The Behind-The-Scenes Chaos Of Butch Cassidy And The Sundance Kid's Casting Process

Buddy movies live and die on their stars' chemistry. By that metric, "Butch Cassidy and the Sundance Kid" is the best buddy movie ever made. Paul Newman and Robert Redford are the perfect pair as the titular duo. Newman's killer smile and charisma are perfect for Cassidy, the grinning charmer, while Redford has a deadpan wit attuned to a stone-faced and laconic straight man like Sundance. William Goldman's script is one of the most quotable ever written, and the actors' comedic timing etched the lines into our memories. 

However, the film's casting went through different iterations before settling on the final pairing of Newman and Redford.

Finding the stars

"Butch Cassidy and the Sundance Kid" was the brainchild of screenwriter William Goldman. Goldman was drawn to the story of how the outlaw pair had escaped the U.S. and lived in Bolivia, saying, "Westerns are based on confrontation, and Butch's whole life, from everything we know about him, was avoiding confrontation." Director George Roy Hill was just one of many men who 20th Century Fox considered for the job. While Hill had never directed a Western before, he had made comedies like the Peter Sellers vehicle "The World of Henry Orient" or the Julie Andrews musical "Thoroughly Modern Millie." Hill's comedic touch, mixed with Goldman's anachronistically modern dialogue, separates "Butch Cassidy" from contemporary westerns.

Now that the film had its director, the filmmaker needed his stars; Andrew Horton details the casting process in his book "The Films of George Roy Hill." For starters, Paul Newman was involved with the film before Redford was. After being given the script, he handed it off to Steve McQueen. McQueen suggested that Newman play Sundance while he would star as Butch. Hill countered that the two should swap roles, convincing Newman that he could play the comedic side of Butch. It's safe to say that Hill's instincts about Newman's range were sound.

McQueen, however, wanted top billing and wouldn't agree to the switch. He even refused a compromise offered by producer Darryl Zanuck, wherein half of the movie prints would have Newman's name first on the titles, while the other half would have McQueen's name first. It's possible that the proposed switch conjured up McQueen's memories of "Somebody Up There Likes Me," a 1956 Paul Newman vehicle where he'd had an uncredited bit part. In any case, McQueen bowed out, leaving the film with a Butch Cassidy but no Sundance Kid.

Robert Redford becomes a movie star

Something lost for modern audiences is the power imbalance between the stars of "Butch Cassidy and the Sundance Kid." In 2022, Newman and Redford are both Hollywood legends. In 1969, however, Newman was one of the biggest movie stars alive while Redford was a nobody; he had only eight minor films and a handful of TV guest appearances to his name. It is thanks to "Butch Cassidy and the Sundance Kid" that Redford became a movie star on Newman's level. Yet, he almost didn't get the part.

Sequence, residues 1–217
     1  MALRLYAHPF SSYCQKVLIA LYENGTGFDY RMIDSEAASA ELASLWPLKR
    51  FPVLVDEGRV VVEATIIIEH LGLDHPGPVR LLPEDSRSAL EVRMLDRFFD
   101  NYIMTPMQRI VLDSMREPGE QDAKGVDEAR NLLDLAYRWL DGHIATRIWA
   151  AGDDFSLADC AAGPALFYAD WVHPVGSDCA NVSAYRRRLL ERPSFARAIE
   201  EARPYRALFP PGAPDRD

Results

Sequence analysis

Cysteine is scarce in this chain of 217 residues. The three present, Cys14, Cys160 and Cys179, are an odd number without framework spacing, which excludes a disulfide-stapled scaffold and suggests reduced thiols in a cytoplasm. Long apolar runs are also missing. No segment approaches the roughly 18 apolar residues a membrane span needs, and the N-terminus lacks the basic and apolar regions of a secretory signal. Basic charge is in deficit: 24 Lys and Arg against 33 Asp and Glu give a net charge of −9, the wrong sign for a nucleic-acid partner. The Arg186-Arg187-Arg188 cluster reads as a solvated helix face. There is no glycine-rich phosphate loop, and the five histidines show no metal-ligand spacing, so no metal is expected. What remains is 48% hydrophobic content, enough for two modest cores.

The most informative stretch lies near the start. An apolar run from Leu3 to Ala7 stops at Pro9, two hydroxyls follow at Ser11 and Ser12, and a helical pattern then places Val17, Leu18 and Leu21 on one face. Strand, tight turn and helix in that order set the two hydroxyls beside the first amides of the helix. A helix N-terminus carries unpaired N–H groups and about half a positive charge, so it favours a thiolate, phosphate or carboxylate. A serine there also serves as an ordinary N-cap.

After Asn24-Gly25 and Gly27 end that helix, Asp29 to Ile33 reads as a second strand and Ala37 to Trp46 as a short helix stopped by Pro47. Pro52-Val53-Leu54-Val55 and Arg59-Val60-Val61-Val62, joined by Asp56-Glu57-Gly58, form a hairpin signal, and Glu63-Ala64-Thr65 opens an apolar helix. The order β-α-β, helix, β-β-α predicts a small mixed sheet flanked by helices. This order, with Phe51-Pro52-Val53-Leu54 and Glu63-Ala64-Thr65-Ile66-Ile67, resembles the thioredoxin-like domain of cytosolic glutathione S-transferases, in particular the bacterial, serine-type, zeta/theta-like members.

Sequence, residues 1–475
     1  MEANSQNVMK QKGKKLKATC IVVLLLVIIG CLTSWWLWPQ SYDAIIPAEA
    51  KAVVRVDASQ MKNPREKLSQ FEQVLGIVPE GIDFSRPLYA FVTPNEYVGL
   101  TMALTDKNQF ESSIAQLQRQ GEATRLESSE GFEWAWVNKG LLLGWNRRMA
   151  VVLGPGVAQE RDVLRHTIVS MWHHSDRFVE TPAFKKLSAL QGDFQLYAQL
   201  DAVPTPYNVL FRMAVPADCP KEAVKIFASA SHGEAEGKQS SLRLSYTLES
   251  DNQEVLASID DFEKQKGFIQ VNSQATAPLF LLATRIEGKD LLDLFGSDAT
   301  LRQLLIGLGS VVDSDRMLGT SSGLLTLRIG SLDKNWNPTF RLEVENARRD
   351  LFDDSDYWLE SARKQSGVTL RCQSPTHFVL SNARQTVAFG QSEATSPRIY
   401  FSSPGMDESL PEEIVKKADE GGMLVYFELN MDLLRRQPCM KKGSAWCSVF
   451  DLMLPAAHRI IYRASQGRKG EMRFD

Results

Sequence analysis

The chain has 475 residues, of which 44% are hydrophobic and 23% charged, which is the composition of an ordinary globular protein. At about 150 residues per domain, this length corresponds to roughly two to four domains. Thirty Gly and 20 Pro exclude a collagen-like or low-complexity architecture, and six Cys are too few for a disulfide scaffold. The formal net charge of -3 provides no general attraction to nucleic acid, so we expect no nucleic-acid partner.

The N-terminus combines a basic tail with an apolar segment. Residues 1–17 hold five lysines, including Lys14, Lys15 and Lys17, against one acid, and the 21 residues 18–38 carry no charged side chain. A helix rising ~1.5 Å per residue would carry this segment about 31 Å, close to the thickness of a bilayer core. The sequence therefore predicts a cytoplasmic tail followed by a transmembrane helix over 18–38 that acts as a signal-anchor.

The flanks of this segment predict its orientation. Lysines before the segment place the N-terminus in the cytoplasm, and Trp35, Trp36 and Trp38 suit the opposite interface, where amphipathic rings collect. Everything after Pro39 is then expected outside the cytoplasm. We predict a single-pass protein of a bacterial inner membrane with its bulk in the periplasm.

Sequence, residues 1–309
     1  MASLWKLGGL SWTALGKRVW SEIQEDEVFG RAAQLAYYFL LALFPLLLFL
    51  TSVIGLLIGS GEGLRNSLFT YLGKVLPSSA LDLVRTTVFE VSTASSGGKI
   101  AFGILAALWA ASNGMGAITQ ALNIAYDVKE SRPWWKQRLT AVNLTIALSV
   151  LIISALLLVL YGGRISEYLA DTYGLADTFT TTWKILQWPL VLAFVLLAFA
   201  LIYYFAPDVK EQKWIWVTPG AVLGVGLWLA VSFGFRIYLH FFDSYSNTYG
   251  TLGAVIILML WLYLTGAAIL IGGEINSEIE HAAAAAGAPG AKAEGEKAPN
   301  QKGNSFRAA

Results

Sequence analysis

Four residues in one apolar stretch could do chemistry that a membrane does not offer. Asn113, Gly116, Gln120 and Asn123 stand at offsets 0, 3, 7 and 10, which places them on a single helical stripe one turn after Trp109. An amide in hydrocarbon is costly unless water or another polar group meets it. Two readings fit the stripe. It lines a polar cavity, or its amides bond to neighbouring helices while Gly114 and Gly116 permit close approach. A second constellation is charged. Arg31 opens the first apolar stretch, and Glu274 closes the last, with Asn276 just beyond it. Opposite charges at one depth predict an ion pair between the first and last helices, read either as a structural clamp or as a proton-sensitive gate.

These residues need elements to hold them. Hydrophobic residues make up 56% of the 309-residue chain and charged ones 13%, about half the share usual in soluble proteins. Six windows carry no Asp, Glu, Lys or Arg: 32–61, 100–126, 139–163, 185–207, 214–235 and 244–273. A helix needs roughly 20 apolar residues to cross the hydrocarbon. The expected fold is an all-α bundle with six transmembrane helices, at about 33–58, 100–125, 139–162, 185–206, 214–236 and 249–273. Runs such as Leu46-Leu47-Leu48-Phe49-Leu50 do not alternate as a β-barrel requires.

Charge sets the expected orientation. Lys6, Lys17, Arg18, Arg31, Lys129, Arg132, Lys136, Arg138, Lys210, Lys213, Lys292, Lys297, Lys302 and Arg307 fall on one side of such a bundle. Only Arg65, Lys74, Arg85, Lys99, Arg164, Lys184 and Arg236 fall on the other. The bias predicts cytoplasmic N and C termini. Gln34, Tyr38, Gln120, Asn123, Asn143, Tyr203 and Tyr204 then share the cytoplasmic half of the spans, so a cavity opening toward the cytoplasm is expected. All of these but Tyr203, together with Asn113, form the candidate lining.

When the then-unknown Redford read Goldman's script he declared, "This is perfect for me." Redford met with Hill then Newman and hit it off with both; before long, the director and star were pushing for Redford to play Sundance. Producer Richard F. Zanuck (son of Darryl), however, was reluctant to cast Redford. He envisioned the film as one shared by two stars and attempted to get a bigger name as Newman's co-star. He failed; Warren Beatty turned down the role, feeling the project was too similar to his previous film, "Bonnie & Clyde." Zanuck also courted Marlon Brando, but in a pre-"The Godfather" world, Brando was persona non grata thanks to his support for the Black Panthers. Zanuck relented when Newman threatened to leave unless Redford played Sundance. Redford proved Zanuck's doubts wrong, not an easy task considering he was playing a subdued role opposite Newman's dynamite charisma.

Playing the Sundance Kid changed the trajectory of Robert Redford's life. For starters, it raised him into the Hollywood A-list, and he went on to become the leading man of the 1970s. Shooting the film also introduced him to Utah; in 1978, Redford co-founded the Sundance Film Festival in Utah state capital Salt Lake City, an event named for his star-making role.

Further adventures of Redford and Newman

In 1973, Newman, Redford, and Hill partnered once more for "The Sting." Newman and Redford again played a pair of affable criminals, though con-men rather than cowboys, and with the roles of comedian and straight man swapped. This time, they also had a worthy adversary in Doyle Lonnegan (Robert Shaw). 

Newman and Redford's friendship endured for many years after as well. Redford had planned for another collaboration between himself and Newman, "A Walk In The Woods." Alas, it was put on hold after Newman's death in 2008. It was released in 2015 with Nick Nolte understudying for Newman, but his absence casts a shadow over the film.

While Newman and Redford never got to do "A Walk In The Woods" together, their two legendary collaborations live on in the halls of Hollywood. The final freeze-frame of "Butch Cassidy and the Sundance Kid," with the outlaw pair charging out to meet their doom, reflects the outlaws transcending into immortality through myth. Their actors have experienced the same transcendence; not bad for two performers who weren't originally supposed to be sharing the frame.